Essential Healthcare Projects: Meeting Challenges During a Crisis
In a major healthcare crisis, hospital administrators are called on to ramp up technical systems quickly to meet critical needs. At such a time, certain services are designated essential personnel, including those who implement medical infrastructure, networking, patient monitoring and nurse call systems. During a crisis, as with other types of workers, some of the regular contractors will likely go absent due to illness, fear, or quarantine requirements. When that happens, administrators must quickly find reliable contract vendors to fill the gaps and keep systems going.
This article provides important information and advice to ensure the successful selection and onboarding of contract technical personnel during a healthcare crisis.
Mass Notification Simplified: Automated 2-Way Discreet Messaging
One of the biggest problems in dangerous scenarios, such as active shooters, natural disasters and medical emergencies, is communication. How do you get word to the other side of a building or campus to let others know of the danger, so everyone has time to escape or find shelter or a hiding place? Until now, primary options for communicating dangerous events – other than running down the hall in person – were phones (voice or text), email, two-way radio and panic buttons, each activated separately, by different people. The time lag, exposure to human error and incomplete coverage could be, to put it delicately, deadly.
Now, thanks to a new ability to easily combine technologies and automate plain-language mass messages, the risks of dangerous events have been decreased. Lynx’s Duress and Emergency Notification System is saving lives and it leverages your existing infrastructure reducing the costs.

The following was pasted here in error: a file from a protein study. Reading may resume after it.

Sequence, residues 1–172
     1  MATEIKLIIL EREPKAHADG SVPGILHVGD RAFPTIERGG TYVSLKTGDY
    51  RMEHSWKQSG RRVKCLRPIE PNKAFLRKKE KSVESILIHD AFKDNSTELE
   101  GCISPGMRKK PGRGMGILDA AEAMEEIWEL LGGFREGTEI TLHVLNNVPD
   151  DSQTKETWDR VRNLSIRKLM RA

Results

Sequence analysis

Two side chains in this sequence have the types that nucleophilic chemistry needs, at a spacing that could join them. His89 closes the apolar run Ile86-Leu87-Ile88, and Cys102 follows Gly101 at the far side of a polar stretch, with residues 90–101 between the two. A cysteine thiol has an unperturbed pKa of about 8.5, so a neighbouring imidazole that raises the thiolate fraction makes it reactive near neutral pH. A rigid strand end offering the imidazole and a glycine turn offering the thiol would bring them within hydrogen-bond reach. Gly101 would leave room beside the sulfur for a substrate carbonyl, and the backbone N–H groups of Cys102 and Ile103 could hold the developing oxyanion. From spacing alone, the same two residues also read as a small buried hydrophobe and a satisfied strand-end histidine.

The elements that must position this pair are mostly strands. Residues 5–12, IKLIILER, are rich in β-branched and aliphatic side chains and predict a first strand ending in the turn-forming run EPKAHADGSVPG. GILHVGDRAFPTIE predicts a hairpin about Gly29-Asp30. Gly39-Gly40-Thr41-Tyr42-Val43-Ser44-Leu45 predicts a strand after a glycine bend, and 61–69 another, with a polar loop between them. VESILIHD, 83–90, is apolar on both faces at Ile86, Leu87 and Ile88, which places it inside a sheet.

Limited Resources across Multiple Locations? Maybe It’s Time to Consider a Unified Networking Platform.
Schools, retail stores, hospitals, churches – many such organizations operate multiple locations. Each location may have different networking needs, but effective management teams require consistency and streamlined processes to make the operation logistically viable and affordable. The cloud made it possible to standardize specific wireless IT operations, such as software deployment, and management among multiple locations. However, for a long time there was no way to bring together management of both wired and wireless networks into one management platform.
Many decentralized organizations with locations spread apart geographically are feeling the effects of soon-to-be-outdated networking equipment and tedious manual processes,” said Anthony Nabower, Senior Network Engineer, of Prime Communications, Inc. (PCI). “These organizations may be facing the challenge of limited IT resources to begin with and may have limited budgets.”
New technology labeled unified network operations or cloud management, solves these problems and takes us into a new era of network management. In the following, we will introduce the benefits of this innovative technology. But first, let’s examine the common challenges cloud management addresses.
How Cloud-Based SD-Branch Technology Will Help Multi-Site Enterprises Streamline Networking & Reduce Costs
The popularity of legacy WAN (wide area network) systems are waning. Businesses are increasing traffic over connections, causing bandwidth issues. The amount of data transferred over WAN requires a large, expensive pipeline. WAN can be costly because of the robust equipment requirements at each remote location. Furthermore, networking personnel must be onsite for complex, time-consuming, installation and maintenance. As technology advances, WAN legacy systems are becoming outdated, and add-ons aren’t always as successful as we wish they were.
These factors are particularly challenging in an era when companies have a growing need for rapid deployments. Enter software-defined wide area networking (SD-WAN), a cloud-based technology that has been a boon for businesses with multiple sites or locations.
The Key Differences Between Unified Security and Integrated Security
The inception of electronic security systems began in a world of card access and analog CCTV deployments, where the system operations, although straightforward, were fragmented and siloed. There were one set of monitors for video surveillance, another for card access and so on down the line depending on the complexity of the security solution. IT departments were smaller, and typically the equipment provider was heavily relied upon for service and support.